WASHINGTON—After nearly four months of frank, honest, and open dialogue about the failing economy, a weary U.S. populace announced this week that it is once again ready to be lied to about the current state of the financial system.
Tired of hearing the grim truth about their economic future, Americans demanded that the bald-faced lies resume immediately, particularly whenever politicians feel the need to divulge another terrifying problem with Wall Street, the housing market, or any one of a hundred other ticking time bombs everyone was better off not knowing about.
In addition, citizens are requesting that the phrase, "It will only get worse before it gets better," be permanently replaced with, "Things are going great. Enjoy yourselves."
"I thought I wanted a new era of transparency and accountability, but honestly, I just can't handle it," Ohio resident Nathan Pletcher said. "All I ever hear about now is how my retirement has been pushed back 15 years and how I won't be able to afford my daughter's tuition when she grows up."
"From now on, just tell me the bullshit I want to hear," Pletcher added. "Tell me my savings are okay, everybody has a job, and we're No. 1 again. Please, just lie to my face."
The national call for decreased candor began last month, after the Department of Labor released another soul-crushing report that most Americans agreed "wasn't helping anything" and "didn't need to be so specific, at least."
The report estimated that 663,000 private and public sector jobs were lost in the month of March—a revealing statistic many people found shockingly blunt. Responding to the new information, an overwhelming majority of citizens said they believe that, during these extremely uncertain times, our leaders have a responsibility to come together, sit the American people down, and lie through their teeth about everything from misappropriations of taxpayer dollars to the severity of the credit crisis.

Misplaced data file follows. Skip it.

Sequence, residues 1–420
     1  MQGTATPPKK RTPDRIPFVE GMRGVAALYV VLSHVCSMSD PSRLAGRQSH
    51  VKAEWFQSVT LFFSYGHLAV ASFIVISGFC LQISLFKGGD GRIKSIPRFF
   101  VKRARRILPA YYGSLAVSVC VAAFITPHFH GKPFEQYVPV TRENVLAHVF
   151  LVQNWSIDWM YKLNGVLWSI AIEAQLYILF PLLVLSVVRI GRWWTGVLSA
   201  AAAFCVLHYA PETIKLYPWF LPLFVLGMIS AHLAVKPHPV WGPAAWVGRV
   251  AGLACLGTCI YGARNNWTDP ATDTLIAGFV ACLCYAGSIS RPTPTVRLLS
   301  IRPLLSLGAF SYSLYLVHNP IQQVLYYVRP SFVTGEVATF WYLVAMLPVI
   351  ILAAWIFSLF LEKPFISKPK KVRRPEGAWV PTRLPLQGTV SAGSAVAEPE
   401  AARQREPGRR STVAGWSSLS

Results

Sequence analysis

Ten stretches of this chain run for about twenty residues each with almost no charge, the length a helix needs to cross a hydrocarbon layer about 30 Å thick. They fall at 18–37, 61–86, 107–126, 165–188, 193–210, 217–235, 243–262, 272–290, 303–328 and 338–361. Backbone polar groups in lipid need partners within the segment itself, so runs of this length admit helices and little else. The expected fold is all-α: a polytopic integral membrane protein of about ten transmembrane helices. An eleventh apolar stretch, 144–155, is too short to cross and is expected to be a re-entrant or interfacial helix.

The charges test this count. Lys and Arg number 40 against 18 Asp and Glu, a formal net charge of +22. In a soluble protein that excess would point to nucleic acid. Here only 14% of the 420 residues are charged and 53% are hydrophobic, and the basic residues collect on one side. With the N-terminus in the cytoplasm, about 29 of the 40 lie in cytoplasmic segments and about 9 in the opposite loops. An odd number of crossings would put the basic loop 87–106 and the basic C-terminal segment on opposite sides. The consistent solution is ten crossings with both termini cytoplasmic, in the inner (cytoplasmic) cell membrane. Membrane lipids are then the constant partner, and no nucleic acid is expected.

"I don't need to be constantly reminded that the lack of regulations on Wall Street compounded with failing institutions like AIG basically plunged the world economy into a global recession," said 32-year-old office manager Alexis Harrington. "What I want is for someone to tell me with a straight face that the GDP is through the roof so that I can feel better and instantly forget what all these terms even mean."
"For the first time in my life I know who the secretary of the treasury is," Harrington continued. "And I don't like it."
Reluctantly informed citizens like Harrington have also asked that CEOs of the nation's five largest banks release a joint statement saying that the October bailout worked perfectly, normal lending has resumed, and that we're nowhere close to having the entire monetary system collapse upon itself like a house of cards.
According to a CBS News/New York Times poll, 98 percent of Americans no longer appreciate President Barack Obama's attempts to break down the economic crisis into simple terms they can understand. Instead, many say the president should have the decency to insult their intelligence by using complex jargon to confuse and deceive them, perhaps even implying that the subprime mortgage fallout was just a big misunderstanding that resulted from a clerical error.
"I know when he's telling the truth, and it bothers me," recently laid-off schoolteacher Mary Hanover said of Obama. "He gets this serious expression on his face and says things like, 'This is the worst economic crisis since the Great Depression.' Who needs to hear that? For Christ's sake, smile a bit and say we just found a diamond mine under Montana that's going to pay for everything. I'll believe you."
"Please, treat me like a child. Treat me like a five-year-old," Sacramento resident David Cooke, 64, wrote in a letter to Congress. "I lost everything when the Dow tanked, and I'm too old to start working again, so why punish me further by explaining in detail the clever ways these investment firms ripped me off and how they're all going to get away with it?"
Thus far, many policymakers in Washington have responded favorably to their constituents' requests, saying they respect and understand the public's need for dishonesty.
"I think we can accommodate the American people on this," Senate majority leader Harry Reid (D-NV) told reporters. "Why, just today we made excellent progress with GM, whose CEO Fritz Henderson told us that every penny of federal and taxpayer funds would go directly to the construction of three new auto plants in Detroit that will create over 90,000 new jobs and spark the economic rebound we've been waiting for."
Continued Reid, "Things are looking very, very bright."